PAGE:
The other service launching at MWC, My Phone, is part of Microsoft's synchronisation story, something that's at the heart of Ray Ozzie's plans for the company and Steve Ballmer's frequent references to the phone as another Windows screen (along with the TV).
There's a lot to be said for a cloud service that takes everything from your phone and makes it available to you through the Web – so you can access content stored on your phone even if its battery is completely flat or you left it at home.
Way back, almost nine years ago, at the launch of its .NET strategy, Microsoft ran a series of promotional videos, showing how it expected services to evolve. One of these was the story of a man who'd left his phone at home when heading off on a business trip. With just his ID he was able to load a rental phone with all his information and carry on as usual.
That's what My Phone is intended to be, a backup that you can access anywhere, anytime – even on a brand new phone.
With My Phone you sign in with a Live ID, and set up a schedule. An agent running on the phone handles the actual synchronisation at the times and schedule you choose (and you can have it pause when you roam, so you don't run up a huge bill). As an initial sync can take some time, you're probably best doing it over Wi-Fi.
You can define just what gets backed up, including the content of your storage card, although that will quickly exceed the (rather mean) 200MB storage limit. With 8GB microSD cards costing under a tenner, that's not a lot of storage, especially when you compare it with Microsoft's other online services like Live Mesh and Skydrive which offer 5GB.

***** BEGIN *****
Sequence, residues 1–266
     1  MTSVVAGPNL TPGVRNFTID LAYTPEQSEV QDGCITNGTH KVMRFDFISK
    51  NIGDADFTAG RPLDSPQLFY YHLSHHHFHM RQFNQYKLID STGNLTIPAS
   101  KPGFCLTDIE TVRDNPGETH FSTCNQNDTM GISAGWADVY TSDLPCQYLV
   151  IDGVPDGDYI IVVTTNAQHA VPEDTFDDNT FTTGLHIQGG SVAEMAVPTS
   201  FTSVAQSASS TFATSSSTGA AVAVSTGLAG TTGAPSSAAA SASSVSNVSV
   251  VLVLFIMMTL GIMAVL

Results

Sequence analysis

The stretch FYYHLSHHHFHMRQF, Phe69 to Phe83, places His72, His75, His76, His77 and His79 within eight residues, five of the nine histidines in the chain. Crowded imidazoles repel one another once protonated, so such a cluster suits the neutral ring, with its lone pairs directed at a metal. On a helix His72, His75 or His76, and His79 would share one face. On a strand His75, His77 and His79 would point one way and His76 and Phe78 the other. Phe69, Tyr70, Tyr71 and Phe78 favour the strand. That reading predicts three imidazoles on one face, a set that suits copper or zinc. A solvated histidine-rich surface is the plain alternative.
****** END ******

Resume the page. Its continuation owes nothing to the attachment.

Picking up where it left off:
Any time you get a new phone you can log on to the cloud service through the device browser, install the agent, and your data will transfer across. If you have a phone for work and one for personal use, you can keep several phones in sync with My Phone. There's no desktop PC client, so if you want to save My Phone data on your PC you'll need to go through the browser.
Current page: My Phone: sync with the cloudPrev Page Marketplace: Promoting what's out there Next Page Microsoft's mobile strategy
Sign up to receive daily breaking news, reviews, opinion, analysis, deals and more from the world of tech.
Mary (Twitter, Google+, website) started her career at Future Publishing, saw the AOL meltdown first hand the first time around when she ran the AOL UK computing channel, and she's been a freelance tech writer for over a decade. She's used every version of Windows and Office released, and every smartphone too, but she's still looking for the perfect tablet. Yes, she really does have USB earrings.